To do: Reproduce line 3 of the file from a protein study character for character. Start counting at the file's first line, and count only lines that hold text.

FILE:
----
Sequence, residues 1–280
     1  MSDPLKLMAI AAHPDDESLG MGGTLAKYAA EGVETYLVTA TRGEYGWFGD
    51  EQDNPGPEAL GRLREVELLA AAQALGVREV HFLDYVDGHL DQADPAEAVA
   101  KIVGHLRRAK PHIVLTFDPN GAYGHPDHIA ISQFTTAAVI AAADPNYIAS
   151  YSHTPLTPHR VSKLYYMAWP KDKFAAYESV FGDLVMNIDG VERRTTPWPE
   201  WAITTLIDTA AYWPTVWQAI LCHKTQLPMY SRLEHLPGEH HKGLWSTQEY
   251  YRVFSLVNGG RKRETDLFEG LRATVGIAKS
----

    51  EQDNPGPEAL GRLREVELLA AAQALGVREV HFLDYVDGHL DQADPAEAVA